Lampshaded in The IT Crowd when Roy says to call 911 for an office fire and is reminded by Moss that 911 for the US and it's 999 in the UKnote except when it's not. In reality, calls to 911 (as well as 112) will actually be rerouted to 999 on most (if not all) British phone networks.
Used in Home and Away when Kirsty Sutherland suggests getting the coastguard to bring her grandfather back after he takes his boat out when there's a storm on the way.
Rhys: We don't have coastguards, love. That's American.
Parodied in the Icelandic sketch show Mið Ísland where a defense lawyer in an Icelandic courtroom addresses the judge as "yðar hátign" (or "your highness" in English bungling even the American term) and ask permission to address the jury, only to be informed there are are no juries in Iceland. He then ask whether he may approach the bench (with the judge asking "what bench?") and explains that his whole case hinges on a moving speech before a jury that includes minorities. After the judge assures him there is no jury the defense lawyer advises the defendant to admit guilt before even the charges are read.
Truth in Television: A few years ago, Argentina started using 911 as a unified emergency number. It's the only x11 number, the rest of the standard services are still 11x. 911 (along with the European 112) is also the emergency number for cell phones worldwide. In the nineties, the Dominican Republic had to change its emergency number from 711 to 911.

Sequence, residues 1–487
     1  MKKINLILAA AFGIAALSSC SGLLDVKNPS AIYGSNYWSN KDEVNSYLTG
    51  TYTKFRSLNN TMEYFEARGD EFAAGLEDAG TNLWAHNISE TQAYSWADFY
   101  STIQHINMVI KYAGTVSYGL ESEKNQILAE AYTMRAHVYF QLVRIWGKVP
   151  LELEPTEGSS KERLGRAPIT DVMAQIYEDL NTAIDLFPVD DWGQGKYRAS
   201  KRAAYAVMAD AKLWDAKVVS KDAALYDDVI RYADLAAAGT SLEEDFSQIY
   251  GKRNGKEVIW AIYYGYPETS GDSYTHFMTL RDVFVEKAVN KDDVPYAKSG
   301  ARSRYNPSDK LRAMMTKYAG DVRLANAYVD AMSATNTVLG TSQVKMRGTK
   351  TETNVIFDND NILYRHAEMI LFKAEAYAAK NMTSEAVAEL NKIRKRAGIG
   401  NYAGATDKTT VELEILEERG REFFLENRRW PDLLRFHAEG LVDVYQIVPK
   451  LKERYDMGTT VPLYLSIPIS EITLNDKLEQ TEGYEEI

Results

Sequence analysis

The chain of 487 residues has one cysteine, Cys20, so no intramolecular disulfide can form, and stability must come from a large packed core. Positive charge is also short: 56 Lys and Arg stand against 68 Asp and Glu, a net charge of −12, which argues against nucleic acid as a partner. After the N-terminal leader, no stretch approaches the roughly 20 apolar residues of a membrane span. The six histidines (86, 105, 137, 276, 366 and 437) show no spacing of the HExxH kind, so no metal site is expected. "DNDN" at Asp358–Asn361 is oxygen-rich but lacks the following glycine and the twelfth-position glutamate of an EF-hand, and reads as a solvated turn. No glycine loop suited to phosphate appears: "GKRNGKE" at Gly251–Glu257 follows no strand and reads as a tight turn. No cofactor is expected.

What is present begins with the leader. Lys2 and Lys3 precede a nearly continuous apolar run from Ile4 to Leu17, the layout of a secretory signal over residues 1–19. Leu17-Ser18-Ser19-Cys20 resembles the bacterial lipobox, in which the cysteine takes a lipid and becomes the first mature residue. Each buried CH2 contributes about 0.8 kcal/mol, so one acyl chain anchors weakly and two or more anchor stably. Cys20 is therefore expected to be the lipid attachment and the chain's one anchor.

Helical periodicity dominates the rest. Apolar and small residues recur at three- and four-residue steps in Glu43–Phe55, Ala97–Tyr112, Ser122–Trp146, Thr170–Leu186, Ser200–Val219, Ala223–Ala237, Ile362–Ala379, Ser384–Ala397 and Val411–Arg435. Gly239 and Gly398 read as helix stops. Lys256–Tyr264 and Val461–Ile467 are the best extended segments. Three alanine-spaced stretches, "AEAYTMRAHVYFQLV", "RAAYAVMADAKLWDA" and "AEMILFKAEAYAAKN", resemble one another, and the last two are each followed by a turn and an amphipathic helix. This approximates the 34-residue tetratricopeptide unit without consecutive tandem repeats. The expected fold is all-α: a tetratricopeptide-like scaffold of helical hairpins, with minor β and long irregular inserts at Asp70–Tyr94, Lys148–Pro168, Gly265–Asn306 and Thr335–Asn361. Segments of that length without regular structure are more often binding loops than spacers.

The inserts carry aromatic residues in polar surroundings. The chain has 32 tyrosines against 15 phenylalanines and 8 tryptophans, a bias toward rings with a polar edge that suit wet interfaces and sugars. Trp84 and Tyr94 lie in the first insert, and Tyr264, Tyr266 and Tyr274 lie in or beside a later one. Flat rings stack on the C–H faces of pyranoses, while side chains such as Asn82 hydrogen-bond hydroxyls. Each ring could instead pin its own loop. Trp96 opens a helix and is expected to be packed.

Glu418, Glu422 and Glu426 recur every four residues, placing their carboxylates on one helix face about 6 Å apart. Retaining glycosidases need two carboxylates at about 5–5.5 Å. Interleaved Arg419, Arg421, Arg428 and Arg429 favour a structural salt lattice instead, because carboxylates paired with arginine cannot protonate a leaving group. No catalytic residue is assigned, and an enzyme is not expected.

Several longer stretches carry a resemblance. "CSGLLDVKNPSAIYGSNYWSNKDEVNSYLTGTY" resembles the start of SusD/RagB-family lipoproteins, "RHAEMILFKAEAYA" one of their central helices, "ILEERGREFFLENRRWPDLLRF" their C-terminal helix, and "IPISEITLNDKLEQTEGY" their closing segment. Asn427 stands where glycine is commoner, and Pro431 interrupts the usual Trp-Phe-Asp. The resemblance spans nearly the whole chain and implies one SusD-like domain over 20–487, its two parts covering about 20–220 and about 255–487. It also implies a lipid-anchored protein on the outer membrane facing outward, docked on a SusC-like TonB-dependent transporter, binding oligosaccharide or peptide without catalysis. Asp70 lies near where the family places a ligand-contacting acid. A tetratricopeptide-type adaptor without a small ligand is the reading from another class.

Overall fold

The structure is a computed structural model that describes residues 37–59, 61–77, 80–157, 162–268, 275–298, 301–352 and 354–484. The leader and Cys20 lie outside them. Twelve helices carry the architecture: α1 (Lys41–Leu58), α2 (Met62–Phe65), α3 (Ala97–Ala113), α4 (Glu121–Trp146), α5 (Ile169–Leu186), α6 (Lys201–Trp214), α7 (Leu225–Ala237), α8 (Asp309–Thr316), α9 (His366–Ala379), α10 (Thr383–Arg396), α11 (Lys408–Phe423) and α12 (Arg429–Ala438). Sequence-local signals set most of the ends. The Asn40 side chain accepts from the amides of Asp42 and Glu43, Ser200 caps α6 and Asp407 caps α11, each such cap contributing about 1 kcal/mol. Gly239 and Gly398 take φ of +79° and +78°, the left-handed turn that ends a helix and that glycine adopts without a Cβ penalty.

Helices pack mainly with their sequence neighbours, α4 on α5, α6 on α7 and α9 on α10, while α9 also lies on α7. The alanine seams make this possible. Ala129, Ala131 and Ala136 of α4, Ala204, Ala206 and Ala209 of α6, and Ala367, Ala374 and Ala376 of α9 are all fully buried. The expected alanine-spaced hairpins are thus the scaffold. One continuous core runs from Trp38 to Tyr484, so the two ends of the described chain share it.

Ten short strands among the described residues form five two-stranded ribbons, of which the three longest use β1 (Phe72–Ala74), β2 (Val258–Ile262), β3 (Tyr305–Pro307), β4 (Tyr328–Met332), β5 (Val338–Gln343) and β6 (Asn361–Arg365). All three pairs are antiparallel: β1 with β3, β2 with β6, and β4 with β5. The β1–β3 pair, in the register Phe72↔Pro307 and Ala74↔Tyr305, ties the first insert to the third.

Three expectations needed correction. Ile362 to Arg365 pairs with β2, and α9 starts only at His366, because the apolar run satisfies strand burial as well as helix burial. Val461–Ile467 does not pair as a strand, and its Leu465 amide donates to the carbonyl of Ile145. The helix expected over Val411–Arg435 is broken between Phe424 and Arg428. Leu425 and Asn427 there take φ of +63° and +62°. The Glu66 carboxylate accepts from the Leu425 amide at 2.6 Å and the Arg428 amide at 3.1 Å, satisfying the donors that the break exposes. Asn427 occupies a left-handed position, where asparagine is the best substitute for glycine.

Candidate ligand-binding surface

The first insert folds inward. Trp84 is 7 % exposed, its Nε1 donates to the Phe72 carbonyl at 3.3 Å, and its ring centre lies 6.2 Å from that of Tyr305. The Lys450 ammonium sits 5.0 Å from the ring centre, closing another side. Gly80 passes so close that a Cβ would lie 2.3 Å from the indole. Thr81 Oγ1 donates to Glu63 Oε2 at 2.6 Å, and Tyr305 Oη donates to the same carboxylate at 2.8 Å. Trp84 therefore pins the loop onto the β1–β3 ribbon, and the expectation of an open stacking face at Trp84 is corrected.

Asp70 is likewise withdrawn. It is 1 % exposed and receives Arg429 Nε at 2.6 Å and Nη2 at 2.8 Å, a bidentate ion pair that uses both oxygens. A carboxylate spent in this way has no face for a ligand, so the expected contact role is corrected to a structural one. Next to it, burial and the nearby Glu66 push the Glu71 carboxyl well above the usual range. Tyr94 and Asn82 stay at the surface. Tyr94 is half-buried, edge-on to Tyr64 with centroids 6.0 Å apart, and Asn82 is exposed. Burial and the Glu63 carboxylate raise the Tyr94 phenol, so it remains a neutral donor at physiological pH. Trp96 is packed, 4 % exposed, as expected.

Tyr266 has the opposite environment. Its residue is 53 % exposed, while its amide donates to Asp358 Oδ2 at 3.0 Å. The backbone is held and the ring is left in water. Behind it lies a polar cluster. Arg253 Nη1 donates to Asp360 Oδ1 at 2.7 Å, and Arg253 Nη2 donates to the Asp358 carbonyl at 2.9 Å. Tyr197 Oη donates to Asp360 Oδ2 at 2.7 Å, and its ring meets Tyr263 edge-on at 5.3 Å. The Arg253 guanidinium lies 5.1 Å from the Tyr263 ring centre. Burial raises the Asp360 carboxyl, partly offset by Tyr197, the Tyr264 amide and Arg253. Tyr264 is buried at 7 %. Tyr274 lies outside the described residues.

Every British legal show ever shows the judge banging a gavel to quieten down the court. They don't. This overlaps with The Coconut Effect.
Attack the Block had the street youths constantly refer to the police as the "Feds". Although originating from the US, this slang phrase is used very differently in the UK due to the lack of a federal system like the US employs. It's mostly found among certain youthful demographics within London regions and does indeed refer to the police.
The video game KGB made by French developer Cryo is mostly an impressive case of Shown Their Work when it comes to the game's Soviet Russian setting. However, there is an odd slip-up where the Russian main character gives his estimate of an object's weight in pounds instead of kilograms.
The Church of England began releasing information several years ago about the rules for kissing during a wedding ceremony. Due to the amount of shows that displayed American weddings having the "you may now kiss the bride" moment, younger generations getting married in the UK were being caught out by the fact that they had no idea that British weddings do not traditionally allow for a kiss. Some churches do now allow a kiss, but only if its incorporation is specifically arranged beforehand. Many churches still won't allow it to be incorporated, however, as it's not a legal part of the ceremony and will only be allowed if the vicar permits it.
Many recruits in the Canadian Armed Forces try calling a sergeant "sir", only to immediately be hollered at for it. Canadian soldiers only address officers as sir; for NCMs, they simply refer to them by rank.